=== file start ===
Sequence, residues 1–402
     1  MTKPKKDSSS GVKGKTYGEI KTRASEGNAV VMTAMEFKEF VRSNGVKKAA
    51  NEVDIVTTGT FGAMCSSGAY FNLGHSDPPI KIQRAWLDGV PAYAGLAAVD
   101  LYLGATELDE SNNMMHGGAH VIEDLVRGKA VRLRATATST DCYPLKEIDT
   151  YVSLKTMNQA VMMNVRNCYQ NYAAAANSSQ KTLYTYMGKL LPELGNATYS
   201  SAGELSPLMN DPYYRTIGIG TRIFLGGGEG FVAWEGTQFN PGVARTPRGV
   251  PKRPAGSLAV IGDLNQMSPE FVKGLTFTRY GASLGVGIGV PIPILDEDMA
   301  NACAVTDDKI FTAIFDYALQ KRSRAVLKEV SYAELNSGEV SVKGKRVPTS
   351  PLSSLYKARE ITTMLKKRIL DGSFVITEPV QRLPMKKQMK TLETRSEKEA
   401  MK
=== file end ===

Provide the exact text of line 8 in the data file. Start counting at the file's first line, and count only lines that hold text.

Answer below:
   301  NACAVTDDKI FTAIFDYALQ KRSRAVLKEV SYAELNSGEV SVKGKRVPTS